The issue of inclusiveness appears to be a reference to Roncalli’s decision to terminate a long-time, well-regarded guidance counselor when the school was made aware (or forced to acknowledge) that the counselor had a spouse of the same sex. Roncalli is a private school but it’s funded — in part — with public money. The question becomes whether public money should come with conditions and, if so, what conditions should be attached. Obviously, it should and does come with conditions. Voucher money can’t just go anywhere. The voucher school has to look and act more or less like a school. If it was, for example, a tavern that labeled itself a “school,” then Rep. Behning would likely change his position. He says:

If parents have a problem with the school’s practices, employment or otherwise, Behning said they can send their child elsewhere. In that case their tuition will follow, whether it’s paid by the parent or by the state. “Parents are the ones that should be making those decisions,” he said, “rather than the government.”

Rep. Behning is obviously being a little disingenuous here. The government simply wouldn’t let parents make the tavern decision. So, as the joke goes, we’re just haggling over the price. Is discrimination on that basis against an otherwise well-qualified employee because she has a same-sex spouse something we’re willing to fund or not? I obviously fall on the “not” side of that question, and it sounds like Dr. McCormick does as well. My guess is that the General Assembly will be perfectly willing to continue subsidizing Roncalli, notwithstanding its employment practices. (Because, remember, my view of the three goals of the General Assembly when it comes to school vouchers: 1) Hurt the teacher’s unions; 2) direct education money to friends & well-wishers; and 3) subsidize religious education.)

Before education reformers write me to protest that we need “alternatives” and “choice” and “innovations,” let me suggest that they research the difference between Charter schools, which are public and subject to the Constitution, and schools receiving vouchers, which are private and aren’t.

As usual, I agree completely with Doug’s analysis. (I do think he’s too kind to Rep. Behning…”disingenuous” isn’t the word I’d have chosen.)

Another word I wouldn’t have chosen is “strings.” As the saying goes, one person’s “red tape” is the next person’s accountability.

Get The Lead Out

Doug Masson recently shared a news article and a righteous rant.

The shared article was a report on lead contamination in northwest Indiana. It seems we Hoosiers have the nation’s largest source of such contamination–not a distinction to celebrate.

The nation’s largest source of industrial lead pollution is 20 miles down the Lake Michigan shore from Chicago in Indiana, churning more than twice as much of the brain-damaging metal into the air each year as all other factories in the region combined.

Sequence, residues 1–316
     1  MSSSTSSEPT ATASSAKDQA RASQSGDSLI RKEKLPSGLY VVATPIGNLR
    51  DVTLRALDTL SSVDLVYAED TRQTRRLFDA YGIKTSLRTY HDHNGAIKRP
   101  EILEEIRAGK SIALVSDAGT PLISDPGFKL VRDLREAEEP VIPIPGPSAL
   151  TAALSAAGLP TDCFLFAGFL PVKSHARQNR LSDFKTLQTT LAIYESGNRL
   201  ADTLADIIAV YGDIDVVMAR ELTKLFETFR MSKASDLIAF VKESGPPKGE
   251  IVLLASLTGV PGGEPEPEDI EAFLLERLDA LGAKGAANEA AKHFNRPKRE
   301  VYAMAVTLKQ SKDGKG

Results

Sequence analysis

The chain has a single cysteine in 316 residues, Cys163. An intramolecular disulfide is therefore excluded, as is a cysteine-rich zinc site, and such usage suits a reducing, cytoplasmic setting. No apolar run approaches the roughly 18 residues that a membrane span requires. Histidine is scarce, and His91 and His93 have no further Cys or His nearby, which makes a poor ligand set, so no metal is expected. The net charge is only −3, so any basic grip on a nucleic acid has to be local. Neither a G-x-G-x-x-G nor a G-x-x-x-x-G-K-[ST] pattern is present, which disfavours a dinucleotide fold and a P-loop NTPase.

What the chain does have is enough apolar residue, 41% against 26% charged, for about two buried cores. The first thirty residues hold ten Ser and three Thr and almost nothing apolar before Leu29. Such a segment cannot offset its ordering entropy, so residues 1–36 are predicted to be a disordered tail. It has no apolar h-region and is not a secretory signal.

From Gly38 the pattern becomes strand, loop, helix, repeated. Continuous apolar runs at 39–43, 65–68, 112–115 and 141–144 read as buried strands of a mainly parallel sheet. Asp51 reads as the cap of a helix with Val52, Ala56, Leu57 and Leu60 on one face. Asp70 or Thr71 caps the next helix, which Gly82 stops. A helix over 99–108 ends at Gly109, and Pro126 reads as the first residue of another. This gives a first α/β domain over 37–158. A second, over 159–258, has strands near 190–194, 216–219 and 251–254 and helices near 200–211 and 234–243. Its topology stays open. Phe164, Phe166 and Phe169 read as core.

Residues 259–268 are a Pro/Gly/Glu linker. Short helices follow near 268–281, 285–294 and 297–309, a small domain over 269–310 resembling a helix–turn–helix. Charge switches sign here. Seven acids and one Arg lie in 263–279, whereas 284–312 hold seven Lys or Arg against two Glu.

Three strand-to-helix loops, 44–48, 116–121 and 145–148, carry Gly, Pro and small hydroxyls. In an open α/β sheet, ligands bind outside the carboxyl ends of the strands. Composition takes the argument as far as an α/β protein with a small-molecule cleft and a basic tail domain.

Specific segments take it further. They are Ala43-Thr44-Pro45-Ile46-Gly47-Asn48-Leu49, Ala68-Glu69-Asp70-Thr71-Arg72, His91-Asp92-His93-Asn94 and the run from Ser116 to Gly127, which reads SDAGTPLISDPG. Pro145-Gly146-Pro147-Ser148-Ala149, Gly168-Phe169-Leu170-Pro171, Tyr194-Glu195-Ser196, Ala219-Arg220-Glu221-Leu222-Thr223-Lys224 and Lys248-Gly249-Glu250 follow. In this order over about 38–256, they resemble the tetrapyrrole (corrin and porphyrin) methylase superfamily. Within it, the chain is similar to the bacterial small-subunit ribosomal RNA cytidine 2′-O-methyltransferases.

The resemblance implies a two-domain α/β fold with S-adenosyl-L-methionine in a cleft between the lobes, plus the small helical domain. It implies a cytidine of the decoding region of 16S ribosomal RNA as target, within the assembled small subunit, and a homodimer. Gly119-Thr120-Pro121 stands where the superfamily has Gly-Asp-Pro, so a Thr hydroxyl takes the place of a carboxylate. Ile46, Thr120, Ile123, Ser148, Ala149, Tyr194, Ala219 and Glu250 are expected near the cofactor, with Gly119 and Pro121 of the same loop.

The company responsible is ArcerlorMittal (a company I’d never heard of); its Burns Harbor plant is the (ir)responsible emitter. According to the report, the plant has topped the list since 2013.

The continuing coverage of Flint, Michigan’s unsafe water generally includes a recitation of the effects of lead poisoning, and they aren’t pretty. They also aren’t reversible; if a child ingests lead through the water, as in Flint, or from flaking of old paint in run-down houses, or from areas of contaminated ground (we have a number in Indianapolis’ poorer precincts), the damage to that child’s intellectual functioning is life-long.

The referenced “rant” is how Masson describes his frustration–which I share–with conservatives’ constant attack on regulation. Pollution is the poster child for why regulatory activity is an essential function of government. As Doug points out, absent regulation, it will always be cheaper to pollute the air that others breathe or the water that others drink than to dispose of the waste from your manufacturing process in a manner that doesn’t harm others.

Meanwhile, pollution means that the market is getting incomplete information about the cost of (in this case) the steel being produced. They offload some of the costs of their production onto the people suffering brain damage from the lead pollution. Those people are, in effect, subsidizing the cost of production. Because the cost of the pollution is not reflected in the price of the steel, the market gets the signal that this form of production is more efficient than it really is. Polluters are rewarded and, consequently, environmentally sound production processes are put at a competitive disadvantage because they don’t force nearby residents to subsidize the process by breathing in the tainted air.

Economists call pollutants generated by manufacturing “externalities,” and note that failing to account for them in the cost of goods being produced distorts the market and–as Doug notes–puts manufacturers who are properly disposing of their pollutants at a pricing disadvantage.